The son of a Hollywood actor and a child star in his own right – featuring in Leave It to Beaver – Stephen Talbot, 74, was a student at Wesleyan University when he became involved in the 1969 Vietnam antiwar movement.
Turning his back on showbiz, he went on to become an Emmy and Peabody award-winning TV producer and journalist – with more than 40 documentaries to his name – although that formative experience has forever haunted him. Using recently revealed information about Nixon’s secret attempts to escalate the war in Vietnam, today he revisits the antiwar movement at a time when world peace is again under threat.
Q: Exploring the little-known story of the dramatic 1969 showdown between President Nixon and the Anti-War Movement, your documentary, ‘The Movement and the “Madman”’ is deeply personal. Why?
STEPHEN: I went to a Los Angeles all boys high school, now called Harvard Westlake. It had a mandatory Junior ROTC program and we wore uniforms, did drill and took military classes. It was the mid 60s and the Vietnam War had been going on for decades, but the American involvement started in a big way in 1964 with the Gulf of Tonkin.
At school, we were told we would be military officers and be involved in this war and were shown army training films about Vietnam. And then a tragic thing happened. One of our military instructors, a sergeant, was called up and sent to Vietnam. He was instantly blown up in a landmine and paralyzed from the waist down and brought home – one of the first victims of the war. President Lyndon B. Johnson even called him in the hospital. I’ll never forget how we had a football game in his honor, and the shock of seeing him wheeled out at halftime.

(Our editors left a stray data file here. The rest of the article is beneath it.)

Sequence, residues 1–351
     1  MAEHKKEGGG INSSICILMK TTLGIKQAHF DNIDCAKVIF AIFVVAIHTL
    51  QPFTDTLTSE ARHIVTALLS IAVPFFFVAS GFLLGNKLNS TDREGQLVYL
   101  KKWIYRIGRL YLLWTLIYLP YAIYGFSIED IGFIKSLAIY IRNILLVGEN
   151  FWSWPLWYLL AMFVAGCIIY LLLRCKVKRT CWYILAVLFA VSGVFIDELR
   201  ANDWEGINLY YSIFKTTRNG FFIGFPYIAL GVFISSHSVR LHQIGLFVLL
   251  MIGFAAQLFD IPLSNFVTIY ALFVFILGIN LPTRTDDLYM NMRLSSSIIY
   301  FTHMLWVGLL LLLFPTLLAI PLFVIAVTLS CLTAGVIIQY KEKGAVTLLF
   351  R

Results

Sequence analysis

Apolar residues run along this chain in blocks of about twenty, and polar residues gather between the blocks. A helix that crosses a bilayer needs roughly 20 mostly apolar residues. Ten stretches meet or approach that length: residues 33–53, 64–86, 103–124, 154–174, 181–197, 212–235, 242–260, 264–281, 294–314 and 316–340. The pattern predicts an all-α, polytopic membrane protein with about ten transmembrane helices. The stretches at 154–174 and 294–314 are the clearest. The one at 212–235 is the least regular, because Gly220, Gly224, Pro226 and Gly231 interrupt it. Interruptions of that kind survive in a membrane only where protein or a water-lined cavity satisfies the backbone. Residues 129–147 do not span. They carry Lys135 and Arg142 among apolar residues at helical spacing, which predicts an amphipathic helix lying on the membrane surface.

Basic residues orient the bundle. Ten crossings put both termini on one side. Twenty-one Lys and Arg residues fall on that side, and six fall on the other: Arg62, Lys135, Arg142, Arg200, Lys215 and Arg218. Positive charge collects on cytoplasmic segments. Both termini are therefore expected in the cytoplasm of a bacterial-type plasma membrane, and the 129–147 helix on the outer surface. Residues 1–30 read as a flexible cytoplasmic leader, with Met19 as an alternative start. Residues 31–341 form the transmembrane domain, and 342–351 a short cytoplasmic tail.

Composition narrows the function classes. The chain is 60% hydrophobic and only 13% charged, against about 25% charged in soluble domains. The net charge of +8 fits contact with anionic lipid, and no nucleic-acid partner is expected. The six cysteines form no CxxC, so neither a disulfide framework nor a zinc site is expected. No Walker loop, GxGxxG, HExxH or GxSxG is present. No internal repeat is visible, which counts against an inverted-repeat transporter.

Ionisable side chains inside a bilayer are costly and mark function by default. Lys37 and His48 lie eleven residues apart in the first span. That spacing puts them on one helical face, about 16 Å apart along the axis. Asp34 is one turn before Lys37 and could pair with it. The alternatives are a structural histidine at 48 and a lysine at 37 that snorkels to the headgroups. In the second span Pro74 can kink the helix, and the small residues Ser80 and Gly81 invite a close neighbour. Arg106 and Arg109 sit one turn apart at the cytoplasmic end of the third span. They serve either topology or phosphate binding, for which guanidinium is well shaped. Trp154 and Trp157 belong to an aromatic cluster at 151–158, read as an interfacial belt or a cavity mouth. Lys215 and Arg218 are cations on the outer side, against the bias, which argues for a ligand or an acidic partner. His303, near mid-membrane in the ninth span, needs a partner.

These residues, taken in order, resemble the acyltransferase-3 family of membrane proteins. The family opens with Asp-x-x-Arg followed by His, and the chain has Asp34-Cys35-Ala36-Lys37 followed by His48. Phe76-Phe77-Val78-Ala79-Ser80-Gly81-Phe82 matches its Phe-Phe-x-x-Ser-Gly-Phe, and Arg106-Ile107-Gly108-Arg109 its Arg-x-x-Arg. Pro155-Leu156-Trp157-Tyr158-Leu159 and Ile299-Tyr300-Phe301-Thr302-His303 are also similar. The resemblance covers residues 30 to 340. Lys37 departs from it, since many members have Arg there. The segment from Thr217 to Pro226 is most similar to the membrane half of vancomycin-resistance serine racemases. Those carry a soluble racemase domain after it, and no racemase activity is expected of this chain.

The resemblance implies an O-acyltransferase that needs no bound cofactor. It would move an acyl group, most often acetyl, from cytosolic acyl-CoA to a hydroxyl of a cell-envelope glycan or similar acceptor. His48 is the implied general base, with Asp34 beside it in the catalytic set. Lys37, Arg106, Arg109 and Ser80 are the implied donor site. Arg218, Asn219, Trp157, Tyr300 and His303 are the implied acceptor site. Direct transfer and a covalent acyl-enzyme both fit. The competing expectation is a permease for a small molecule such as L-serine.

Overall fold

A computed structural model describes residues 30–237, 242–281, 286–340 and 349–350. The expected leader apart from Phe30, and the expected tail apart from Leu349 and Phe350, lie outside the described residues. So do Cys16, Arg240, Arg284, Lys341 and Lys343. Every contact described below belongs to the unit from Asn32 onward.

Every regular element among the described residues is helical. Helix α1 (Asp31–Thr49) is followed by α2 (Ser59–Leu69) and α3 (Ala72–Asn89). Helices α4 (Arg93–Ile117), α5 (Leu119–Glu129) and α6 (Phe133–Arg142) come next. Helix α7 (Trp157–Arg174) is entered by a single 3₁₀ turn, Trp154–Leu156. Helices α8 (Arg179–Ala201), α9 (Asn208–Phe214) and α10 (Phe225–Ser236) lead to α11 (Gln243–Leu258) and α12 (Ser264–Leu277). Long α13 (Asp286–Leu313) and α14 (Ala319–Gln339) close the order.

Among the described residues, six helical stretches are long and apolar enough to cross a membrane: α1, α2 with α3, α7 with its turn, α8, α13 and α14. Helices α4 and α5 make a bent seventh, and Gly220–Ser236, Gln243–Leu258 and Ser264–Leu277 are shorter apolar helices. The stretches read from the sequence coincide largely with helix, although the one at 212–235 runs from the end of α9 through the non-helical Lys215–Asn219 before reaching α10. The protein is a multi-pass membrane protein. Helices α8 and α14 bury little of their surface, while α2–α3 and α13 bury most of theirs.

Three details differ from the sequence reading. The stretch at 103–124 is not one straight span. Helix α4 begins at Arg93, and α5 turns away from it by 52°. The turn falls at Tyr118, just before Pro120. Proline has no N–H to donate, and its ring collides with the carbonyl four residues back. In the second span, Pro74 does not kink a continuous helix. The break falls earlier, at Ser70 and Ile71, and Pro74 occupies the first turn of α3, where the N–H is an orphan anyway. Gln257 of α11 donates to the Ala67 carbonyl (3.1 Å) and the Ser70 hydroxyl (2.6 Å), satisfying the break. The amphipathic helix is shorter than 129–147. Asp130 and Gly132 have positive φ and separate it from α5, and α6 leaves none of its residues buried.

At college, I ran for freshman class president promising that, if elected, I would organize a Blues Festival on campus and do a teach-in about the Vietnam War. I said, ‘We’re in college and we’ve got deferments, but you never know. This war is looming over us all so we better learn about it’. I came of age in an era of tremendous political turmoil when campuses across the country were erupting with teach-ins, vigils and protests.
Q: And you made your first documentary about Vietnam as a student?
STEPHEN: Yes. The title was “March on Washington” which served as my senior thesis. I rounded up ten best friends and we headed off to Washington to make a documentary about the Mobilization on November 15 1969. We rented a U haul truck and fanned out across DC for several days filming everything. We made a scrappy short black & white film that captured the spirit of the event – and got me graduated from college!
Q: What do you remember the most?
STEPHEN: I remember it being very cold and raining but luckily we were all able to crash on the floor at the home of a young couple of lawyers for three nights. We figured out the schedule of events and divided up who would film what. The March Against Death – where people solemnly walked carrying the names of the dead – started two days earlier taking place round the clock. The famous pediatrician, Dr. Benjamin Spock and Yale chaplain William Sloane Coffin and also Quakers marched alongside many famous people and lots of young people who just showed up.
On the second night, there was a small group of radicals who later became The Weatherman – and this is not in our film – who wanted to march on the South Vietnamese consulate. I was out in the streets, trying to figure it out, when the police descended on us and we were all tear gassed. That was my first dose of tear gas and it was very scary. Amazingly, all these medical people popped up and one guy rinsed out my eyes and sat me down until I caught my breath again.
Q: And this was the largest organized protest ever seen in the US?
STEPHEN: The best estimates for all the people taking part in the October 15 Moratorium, across the country, is around 2 million – the biggest demonstration that day was on Boston Common with over 100,000 people, with other big ones in DC and Los Angeles where many famous people including Harry Belafonte spoke. On November 15, two demonstrations – in DC and San Francisco – took place at the same time, attended by more than half a million people.